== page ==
What’s the difference between a Food Sensitivity and a Food Allergy?
By: Jared Graybeal
My team and I run a fully customizable, healthy meal prep company, so these two terms get thrown around a lot. If you work in health and wellness, the restaurant industry or any field where you are having conversations about food, you need to know the difference.
What is a Food Allergy?
A true food allergy causes an immune system reaction that affects numerous organs in the body. (3)
Food allergy affects an estimated 6 to 8 percent of children under age 3 and up to 3 percent of adults. While there’s no cure, some children outgrow their food allergy as they get older.
Symptoms of an allergic reaction may involve the skin, the gastrointestinal tract, the cardiovascular system and the respiratory tract. They can surface in one or more of the following ways:
- Vomiting and/or stomach cramps
- Shortness of breath
- Repetitive cough
- Shock or circulatory collapse
- Tight, hoarse throat; trouble swallowing
- Swelling of the tongue, affecting the ability to talk or breathe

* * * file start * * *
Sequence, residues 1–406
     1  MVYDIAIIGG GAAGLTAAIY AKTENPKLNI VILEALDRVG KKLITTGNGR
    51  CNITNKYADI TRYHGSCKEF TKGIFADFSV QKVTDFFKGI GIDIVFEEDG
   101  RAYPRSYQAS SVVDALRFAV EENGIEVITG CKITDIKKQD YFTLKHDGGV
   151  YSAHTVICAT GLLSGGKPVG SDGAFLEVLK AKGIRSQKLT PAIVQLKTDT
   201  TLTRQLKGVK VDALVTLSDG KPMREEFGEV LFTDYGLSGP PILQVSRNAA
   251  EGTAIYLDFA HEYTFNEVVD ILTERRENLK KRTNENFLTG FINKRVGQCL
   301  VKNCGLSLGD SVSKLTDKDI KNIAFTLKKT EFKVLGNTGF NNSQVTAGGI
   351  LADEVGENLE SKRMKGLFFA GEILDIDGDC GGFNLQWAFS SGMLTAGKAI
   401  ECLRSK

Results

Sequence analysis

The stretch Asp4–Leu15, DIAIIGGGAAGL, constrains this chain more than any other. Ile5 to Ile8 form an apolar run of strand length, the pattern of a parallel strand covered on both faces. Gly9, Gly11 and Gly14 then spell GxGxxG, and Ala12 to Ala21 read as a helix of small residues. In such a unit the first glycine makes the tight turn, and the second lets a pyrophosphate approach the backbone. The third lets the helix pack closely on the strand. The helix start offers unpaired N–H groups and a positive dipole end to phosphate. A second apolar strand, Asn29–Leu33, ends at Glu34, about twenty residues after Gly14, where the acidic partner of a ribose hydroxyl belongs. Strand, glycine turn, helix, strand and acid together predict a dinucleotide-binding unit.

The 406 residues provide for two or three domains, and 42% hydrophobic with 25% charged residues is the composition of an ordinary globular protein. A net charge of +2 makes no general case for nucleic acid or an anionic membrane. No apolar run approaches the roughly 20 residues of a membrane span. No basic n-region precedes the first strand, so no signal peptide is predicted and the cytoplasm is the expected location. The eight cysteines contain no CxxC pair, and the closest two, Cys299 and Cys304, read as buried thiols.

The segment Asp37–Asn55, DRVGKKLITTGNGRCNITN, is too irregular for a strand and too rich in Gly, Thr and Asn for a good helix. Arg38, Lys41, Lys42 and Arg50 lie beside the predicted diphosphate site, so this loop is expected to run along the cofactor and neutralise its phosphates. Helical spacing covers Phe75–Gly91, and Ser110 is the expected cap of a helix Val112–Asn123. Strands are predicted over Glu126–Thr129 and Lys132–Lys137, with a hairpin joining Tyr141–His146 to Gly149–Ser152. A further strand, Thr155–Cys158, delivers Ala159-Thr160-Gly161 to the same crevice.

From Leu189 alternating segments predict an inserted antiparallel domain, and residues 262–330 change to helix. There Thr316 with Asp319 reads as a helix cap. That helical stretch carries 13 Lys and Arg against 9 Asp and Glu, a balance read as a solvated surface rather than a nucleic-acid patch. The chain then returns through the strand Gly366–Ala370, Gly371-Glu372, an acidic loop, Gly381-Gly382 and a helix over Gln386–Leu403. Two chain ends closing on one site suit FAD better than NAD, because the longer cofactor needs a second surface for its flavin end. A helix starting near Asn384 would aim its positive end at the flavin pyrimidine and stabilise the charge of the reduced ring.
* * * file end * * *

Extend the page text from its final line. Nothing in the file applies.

- Weak pulse
- Pale or blue coloring of skin
- Dizziness or feeling faint
- Anaphylaxis, a potentially life-threatening reaction that can impair breathing and send the body into shock; reactions may simultaneously affect different parts of the body (for example, a stomachache accompanied by a rash)
While any food can cause an adverse reaction, eight types of food account for about 90 percent of all reactions: (1)
So what is a Food Sensitivity?
It’s easy to confuse a food allergy with a much more common reaction known as food intolerance, or food sensitivity. While bothersome, this is a less serious condition that does not involve the immune system but rather the digestive system. (2)
It’s estimated that 20% of the world’s population has food sensitivities.
The symptoms are varied and can include:
- Runny nose
- Feeling under the weather
- Stomach ache
- Irritable bowel
Some common types of food intolerance are:
- histamine, present in mushrooms, pickles, and cured food
- additives such as artificial sweeteners, coloring, or other flavorings
The primary difference we see between Food Allergies and Food Sensitivities is that an allergy is an immune system reaction, and a sensitivity is a digestive system issue. Although both can be uncomfortable, the reactions from food allergies can be much more detrimental than food sensitivities. Lastly, only 3-8% of the population have allergies, while up to 20% of the population have food sensitivities.